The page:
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Entrepreneurial Engineering Education – A Research Experience for Undergraduates Focused on Entrepreneurship and Technical Innovation

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2019 ASEE Annual Conference & Exposition


Tampa, Florida

Publication Date

June 15, 2019

Start Date

June 15, 2019

End Date

June 19, 2019

Conference Session

Entrepreneurship & Engineering Innovation Division Technical Session 1

Tagged Division

Entrepreneurship & Engineering Innovation

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Paper Authors


Daniel D. Burkey University of Connecticut

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Daniel Burkey is the Associate Dean of Undergraduate Programs and Professor-in-Residence in the Department of Chemical and Biomolecular Engineering at the University of Connecticut. He received his B.S. in chemical engineering from Lehigh University in 1998, and his M.S.C.E.P and Ph.D. in chemical engineering from the Massachusetts Institute of Technology in 2000 and 2003, respectively. His primary areas of interest are game-based education, engineering ethics, and process safety education.

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Hadi Bozorgmanesh University of Connecticut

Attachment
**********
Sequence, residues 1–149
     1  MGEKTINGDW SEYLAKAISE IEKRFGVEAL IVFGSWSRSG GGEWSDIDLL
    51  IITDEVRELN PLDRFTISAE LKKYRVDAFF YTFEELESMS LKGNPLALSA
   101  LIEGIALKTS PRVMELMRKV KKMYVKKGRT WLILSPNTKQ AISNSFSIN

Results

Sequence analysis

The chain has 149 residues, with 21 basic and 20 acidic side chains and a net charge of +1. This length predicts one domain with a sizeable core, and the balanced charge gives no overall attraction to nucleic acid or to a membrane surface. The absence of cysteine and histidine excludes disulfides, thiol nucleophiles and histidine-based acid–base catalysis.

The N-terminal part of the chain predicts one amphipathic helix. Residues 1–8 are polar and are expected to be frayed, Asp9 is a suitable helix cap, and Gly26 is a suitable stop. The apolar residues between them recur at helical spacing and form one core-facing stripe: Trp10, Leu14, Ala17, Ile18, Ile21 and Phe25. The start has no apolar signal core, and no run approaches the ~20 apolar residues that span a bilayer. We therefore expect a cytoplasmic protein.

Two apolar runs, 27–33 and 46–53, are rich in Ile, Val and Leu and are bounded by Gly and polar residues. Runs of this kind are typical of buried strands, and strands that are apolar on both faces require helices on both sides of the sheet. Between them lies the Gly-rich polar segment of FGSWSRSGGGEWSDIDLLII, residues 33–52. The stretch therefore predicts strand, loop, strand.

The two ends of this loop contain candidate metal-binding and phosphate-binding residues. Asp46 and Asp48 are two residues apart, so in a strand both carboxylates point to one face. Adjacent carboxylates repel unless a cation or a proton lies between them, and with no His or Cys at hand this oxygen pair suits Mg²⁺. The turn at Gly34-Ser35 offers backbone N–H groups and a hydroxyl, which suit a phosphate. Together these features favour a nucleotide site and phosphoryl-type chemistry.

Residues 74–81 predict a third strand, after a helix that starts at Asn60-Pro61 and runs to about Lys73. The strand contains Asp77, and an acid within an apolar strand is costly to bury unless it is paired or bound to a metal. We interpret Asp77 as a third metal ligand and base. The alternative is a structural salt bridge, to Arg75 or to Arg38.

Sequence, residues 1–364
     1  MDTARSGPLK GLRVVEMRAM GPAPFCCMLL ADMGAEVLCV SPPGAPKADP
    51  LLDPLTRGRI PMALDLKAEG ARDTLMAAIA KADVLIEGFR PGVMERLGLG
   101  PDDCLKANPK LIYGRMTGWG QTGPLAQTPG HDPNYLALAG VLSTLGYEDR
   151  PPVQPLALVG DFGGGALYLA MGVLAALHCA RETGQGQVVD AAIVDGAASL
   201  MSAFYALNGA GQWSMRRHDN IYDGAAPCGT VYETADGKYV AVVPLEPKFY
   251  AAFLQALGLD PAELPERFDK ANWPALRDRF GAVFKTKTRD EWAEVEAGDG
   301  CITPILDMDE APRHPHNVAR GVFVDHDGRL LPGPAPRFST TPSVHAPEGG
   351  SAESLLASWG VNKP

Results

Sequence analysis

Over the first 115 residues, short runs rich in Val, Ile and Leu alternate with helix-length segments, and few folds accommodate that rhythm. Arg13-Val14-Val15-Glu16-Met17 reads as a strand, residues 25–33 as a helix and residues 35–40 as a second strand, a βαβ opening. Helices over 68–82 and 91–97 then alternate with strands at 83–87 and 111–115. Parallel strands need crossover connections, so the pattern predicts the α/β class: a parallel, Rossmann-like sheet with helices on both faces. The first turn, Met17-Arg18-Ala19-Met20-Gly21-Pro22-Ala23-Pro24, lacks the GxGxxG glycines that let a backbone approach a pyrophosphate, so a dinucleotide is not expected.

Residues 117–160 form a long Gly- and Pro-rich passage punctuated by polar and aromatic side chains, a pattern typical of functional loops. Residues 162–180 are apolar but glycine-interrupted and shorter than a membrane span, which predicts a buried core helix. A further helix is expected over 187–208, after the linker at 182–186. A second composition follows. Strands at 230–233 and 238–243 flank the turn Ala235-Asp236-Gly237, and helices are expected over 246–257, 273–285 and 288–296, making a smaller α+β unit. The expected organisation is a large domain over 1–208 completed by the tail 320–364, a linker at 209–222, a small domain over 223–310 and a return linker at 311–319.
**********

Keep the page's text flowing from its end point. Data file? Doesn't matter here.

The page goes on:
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Professor of Practice, School of Engineering
A director with over 20 years of nonexecutive and executive board of director’s experience, with deep knowledge of enterprise and academic entrepreneurship and intrapreneurship. Board of governance experience includes audit & risk management committees, finance and M&A committees, and executive compensation committees

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Manisha Srivastava SurePath Evaluations LLC

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Ms. Manisha Srivastava is the founder and president of SurePath Evaluations LLC. Her experience includes implementing program assessments at the federal level and serving as the principal evaluator on numerous, large-scale, federally funded programs. She has played a pivotal role in the development and successful funding of various programs, as recognized in comments from review panels.